Welcome to Hawkins. It’s a tiny town in Indiana — the setting for Netflix’s hit show, "Stranger Things." A small boy has gone missing. There’s a strange creature in the woods, flickering lights and people in the town are disappearing, one by one. The show is practically impossible not to binge watch.
Notes Robichaux, Netflix is expected to spend $6 billion this year on content, and Amazon more than $1.5 billion. Netflix is having a moment. The company released its earnings earlier this week and it beat expectations. One reason: its original programming, like "Narcos," "Orange Is the New Black," and of course, "Stranger Things." Other non-traditional media companies, like Amazon, are also benefiting from producing their own original content, which ups the ante for traditional TV and cable networks.
“Competition has gotten a lot tougher,” Robichaux said. “Not just by raising the price, but by sucking up the best talent. How many mega hits like "Walking Dead" or "Sopranos" are just floating around Hollywood? The answer is, not many.”
But more shows means it’s also harder to attract viewers. Samuel Craig, director of NYU Stern’s Entertainment, Media and Technology program said online content producers have a big leg up when it comes to building and keeping audiences.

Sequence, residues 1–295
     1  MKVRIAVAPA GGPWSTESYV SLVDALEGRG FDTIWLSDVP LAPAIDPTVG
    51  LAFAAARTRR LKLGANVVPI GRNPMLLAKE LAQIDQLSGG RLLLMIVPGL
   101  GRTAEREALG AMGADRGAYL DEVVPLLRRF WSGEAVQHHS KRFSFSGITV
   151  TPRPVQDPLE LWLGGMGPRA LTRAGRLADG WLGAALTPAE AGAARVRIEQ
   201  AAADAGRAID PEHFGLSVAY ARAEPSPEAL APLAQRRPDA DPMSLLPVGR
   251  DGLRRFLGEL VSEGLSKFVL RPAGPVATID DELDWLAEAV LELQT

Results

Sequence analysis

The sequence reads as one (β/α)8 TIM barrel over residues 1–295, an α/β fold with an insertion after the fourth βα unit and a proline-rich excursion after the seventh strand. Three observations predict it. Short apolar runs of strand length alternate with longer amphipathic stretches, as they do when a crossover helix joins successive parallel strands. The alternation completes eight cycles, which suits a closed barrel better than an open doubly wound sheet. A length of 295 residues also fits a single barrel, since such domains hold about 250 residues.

“Netflix’s advantage and Amazon’s advantage is that they’ve got lots of consumer data that give them insight into what people want to see," he said.
Michael Inouye, a principal analyst at ABI Research, a technology market intelligence firm, said companies like Comcast and Virgin are fighting back by selling smaller packages and adding Netflix — like a channel.
But even though non-traditional media companies are on a high right now, that might not last. Making hits can be expensive, and Robichaux said it's a gamble.
“One of the reasons people love Netflix is because it’s so cheap,” he said.
The more original content they produce, the more likely it is that companies like Amazon and Netflix will have to keeping raising their rates — an idea much less popular than "Stranger Things."